The cheep shot you took? Pretty cowardly. Since we don't really know your story I'll just assume that your God made you infertile to keep your genes out of the pool as a blessing on society.

  9. "Any woman who wants her insuracne to cover birth control should not go to a Catholic school or work for a Catholic institution. It's that simple."

    Any Catholic institution that refuses to offer access to all forms of contraception should stop sucking on the government Medicare teat. It's that simple.

  10. I think states ought to pass laws requiring men who wish to be prescribed Viagra to obtain a certificate from their local sheriff that they are not registered sex offenders.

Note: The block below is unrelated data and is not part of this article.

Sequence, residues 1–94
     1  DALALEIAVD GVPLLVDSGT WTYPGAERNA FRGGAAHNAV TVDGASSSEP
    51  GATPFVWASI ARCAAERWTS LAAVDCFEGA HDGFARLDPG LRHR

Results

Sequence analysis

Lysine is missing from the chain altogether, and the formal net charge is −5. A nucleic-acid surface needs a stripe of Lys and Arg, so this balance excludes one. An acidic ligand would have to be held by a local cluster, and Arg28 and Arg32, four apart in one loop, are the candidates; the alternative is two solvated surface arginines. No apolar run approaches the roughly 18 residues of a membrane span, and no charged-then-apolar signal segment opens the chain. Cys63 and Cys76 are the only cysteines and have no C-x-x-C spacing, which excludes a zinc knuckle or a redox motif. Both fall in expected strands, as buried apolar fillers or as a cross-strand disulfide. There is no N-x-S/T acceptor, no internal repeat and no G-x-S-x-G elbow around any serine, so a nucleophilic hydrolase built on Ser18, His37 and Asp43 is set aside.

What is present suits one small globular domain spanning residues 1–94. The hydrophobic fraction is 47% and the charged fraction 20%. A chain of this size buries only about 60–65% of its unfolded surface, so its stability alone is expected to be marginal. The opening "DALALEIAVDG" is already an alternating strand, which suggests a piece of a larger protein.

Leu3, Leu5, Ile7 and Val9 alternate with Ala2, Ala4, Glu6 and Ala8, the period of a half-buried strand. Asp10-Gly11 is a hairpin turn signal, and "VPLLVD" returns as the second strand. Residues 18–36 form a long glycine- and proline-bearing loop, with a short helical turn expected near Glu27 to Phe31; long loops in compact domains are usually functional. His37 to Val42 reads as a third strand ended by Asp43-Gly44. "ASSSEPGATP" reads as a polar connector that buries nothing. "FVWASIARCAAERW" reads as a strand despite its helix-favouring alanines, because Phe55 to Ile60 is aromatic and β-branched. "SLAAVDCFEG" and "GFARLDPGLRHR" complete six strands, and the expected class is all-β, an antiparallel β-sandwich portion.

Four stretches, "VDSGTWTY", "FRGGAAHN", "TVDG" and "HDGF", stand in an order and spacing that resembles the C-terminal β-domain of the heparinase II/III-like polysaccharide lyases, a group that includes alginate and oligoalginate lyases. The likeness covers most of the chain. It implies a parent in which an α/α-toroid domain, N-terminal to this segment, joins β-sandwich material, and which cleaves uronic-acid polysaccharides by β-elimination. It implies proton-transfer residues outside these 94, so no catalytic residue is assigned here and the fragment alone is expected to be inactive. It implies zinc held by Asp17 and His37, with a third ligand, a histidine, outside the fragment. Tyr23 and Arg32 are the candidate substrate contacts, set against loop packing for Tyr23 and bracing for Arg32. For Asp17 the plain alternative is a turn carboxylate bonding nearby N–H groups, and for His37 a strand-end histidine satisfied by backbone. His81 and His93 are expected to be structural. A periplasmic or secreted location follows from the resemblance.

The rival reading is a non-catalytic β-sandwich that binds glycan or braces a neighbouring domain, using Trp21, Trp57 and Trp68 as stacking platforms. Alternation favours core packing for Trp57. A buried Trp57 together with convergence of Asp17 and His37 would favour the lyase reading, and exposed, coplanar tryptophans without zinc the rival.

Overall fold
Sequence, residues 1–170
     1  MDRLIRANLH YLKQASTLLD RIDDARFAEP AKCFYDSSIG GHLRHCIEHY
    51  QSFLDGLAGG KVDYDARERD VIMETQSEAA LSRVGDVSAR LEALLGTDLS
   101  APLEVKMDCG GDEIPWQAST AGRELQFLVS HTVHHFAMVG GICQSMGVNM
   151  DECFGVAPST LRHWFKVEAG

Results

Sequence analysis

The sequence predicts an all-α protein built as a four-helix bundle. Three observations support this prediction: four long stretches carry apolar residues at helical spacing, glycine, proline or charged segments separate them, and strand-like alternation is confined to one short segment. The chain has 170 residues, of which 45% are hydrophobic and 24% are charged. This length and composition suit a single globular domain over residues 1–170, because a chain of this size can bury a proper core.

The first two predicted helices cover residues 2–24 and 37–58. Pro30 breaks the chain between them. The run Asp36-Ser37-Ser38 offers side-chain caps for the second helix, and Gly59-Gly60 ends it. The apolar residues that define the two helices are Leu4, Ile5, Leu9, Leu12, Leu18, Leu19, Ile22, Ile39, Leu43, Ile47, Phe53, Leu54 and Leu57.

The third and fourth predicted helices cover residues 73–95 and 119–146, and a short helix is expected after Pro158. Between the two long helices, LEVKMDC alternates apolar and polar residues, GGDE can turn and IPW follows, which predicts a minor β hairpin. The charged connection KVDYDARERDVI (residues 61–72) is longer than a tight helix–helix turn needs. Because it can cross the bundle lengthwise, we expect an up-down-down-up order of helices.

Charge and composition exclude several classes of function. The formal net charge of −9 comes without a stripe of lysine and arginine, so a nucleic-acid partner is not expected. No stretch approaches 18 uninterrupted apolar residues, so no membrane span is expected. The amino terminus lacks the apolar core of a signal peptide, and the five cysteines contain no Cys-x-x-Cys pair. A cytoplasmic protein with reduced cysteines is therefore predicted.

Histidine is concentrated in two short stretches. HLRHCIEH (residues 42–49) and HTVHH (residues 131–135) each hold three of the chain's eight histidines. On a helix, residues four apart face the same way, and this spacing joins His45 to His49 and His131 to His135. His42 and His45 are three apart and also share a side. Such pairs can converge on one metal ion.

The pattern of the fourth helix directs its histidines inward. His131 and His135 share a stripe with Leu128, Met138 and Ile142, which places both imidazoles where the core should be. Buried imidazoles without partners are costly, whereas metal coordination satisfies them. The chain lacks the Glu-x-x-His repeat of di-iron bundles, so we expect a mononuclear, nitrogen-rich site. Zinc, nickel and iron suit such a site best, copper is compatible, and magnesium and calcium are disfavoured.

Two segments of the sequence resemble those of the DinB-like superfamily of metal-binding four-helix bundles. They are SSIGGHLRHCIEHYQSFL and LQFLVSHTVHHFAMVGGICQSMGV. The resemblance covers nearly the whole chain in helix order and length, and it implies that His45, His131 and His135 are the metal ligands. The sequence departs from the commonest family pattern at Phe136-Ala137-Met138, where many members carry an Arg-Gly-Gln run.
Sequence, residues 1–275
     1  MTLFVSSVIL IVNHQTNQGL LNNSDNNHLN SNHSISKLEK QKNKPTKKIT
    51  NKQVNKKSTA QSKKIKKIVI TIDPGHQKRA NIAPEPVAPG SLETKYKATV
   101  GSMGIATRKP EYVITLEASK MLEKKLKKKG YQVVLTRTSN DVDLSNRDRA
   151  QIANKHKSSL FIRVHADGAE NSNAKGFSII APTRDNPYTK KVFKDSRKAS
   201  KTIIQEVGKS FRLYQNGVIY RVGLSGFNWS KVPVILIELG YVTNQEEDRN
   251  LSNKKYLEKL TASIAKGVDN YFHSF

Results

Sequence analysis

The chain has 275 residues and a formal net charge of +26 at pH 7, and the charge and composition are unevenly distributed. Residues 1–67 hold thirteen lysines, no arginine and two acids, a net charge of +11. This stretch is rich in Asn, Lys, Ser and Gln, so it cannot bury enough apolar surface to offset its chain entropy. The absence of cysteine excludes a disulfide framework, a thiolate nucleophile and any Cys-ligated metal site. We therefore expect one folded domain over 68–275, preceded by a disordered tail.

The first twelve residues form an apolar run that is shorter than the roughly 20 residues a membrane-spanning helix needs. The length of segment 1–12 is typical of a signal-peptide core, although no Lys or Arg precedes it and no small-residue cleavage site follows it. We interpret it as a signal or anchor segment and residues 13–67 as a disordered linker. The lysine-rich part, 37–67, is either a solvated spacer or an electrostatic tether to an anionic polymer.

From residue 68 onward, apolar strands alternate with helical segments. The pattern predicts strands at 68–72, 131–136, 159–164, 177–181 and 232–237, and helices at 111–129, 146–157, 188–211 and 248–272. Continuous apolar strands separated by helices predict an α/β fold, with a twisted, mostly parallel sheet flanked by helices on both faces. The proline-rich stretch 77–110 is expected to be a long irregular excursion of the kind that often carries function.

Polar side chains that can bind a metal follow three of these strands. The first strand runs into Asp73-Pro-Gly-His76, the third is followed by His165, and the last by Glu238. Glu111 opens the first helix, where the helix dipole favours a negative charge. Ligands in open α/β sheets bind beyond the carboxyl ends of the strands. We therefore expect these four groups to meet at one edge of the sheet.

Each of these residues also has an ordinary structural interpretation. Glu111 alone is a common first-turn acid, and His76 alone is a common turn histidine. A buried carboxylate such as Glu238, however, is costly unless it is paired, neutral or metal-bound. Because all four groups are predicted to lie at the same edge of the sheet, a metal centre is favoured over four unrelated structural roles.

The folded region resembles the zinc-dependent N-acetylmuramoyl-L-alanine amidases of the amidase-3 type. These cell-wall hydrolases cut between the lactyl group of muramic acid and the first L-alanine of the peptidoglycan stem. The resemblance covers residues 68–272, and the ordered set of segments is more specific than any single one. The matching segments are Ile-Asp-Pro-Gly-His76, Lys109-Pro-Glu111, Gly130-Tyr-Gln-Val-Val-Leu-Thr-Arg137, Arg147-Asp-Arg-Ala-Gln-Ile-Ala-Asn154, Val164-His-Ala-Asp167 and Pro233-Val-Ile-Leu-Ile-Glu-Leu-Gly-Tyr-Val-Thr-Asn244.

We need to protect our maidens from those may try to de-flower them.

  11. I'm sure Viagra is the cause of countless acts of recreational sex. Time to outlaw this abomination!

  12. Good point Jane.  Of course men seeking ED meds should also have to produce a certificate of marriage, a notarized statement that the meds will only be used in the confines of their marriage bed with their wife (no doing it on the washing machine during the spin cycle...it's unseemly) and after submitting to a prostate exam.  Alls fair in love and sex after all.

  13. All of these laws are geared to turn back the clock but the genie is already out of the bottle. The sexual revolution has occurred and the social mores for secular society at least have changed and there is no going back. All these laws will do is make life that much harder for women. I am surprised that there don't seem to be as many young women clamoring against them as there were in previous generations.

  14. Old men seeking ED meds should have to stand naked before a panel of women to determine whether restoring sexual activity would be a boon or bane to womankind. Sean Connery might still pass, most geezers, not likely. It is only fair:-)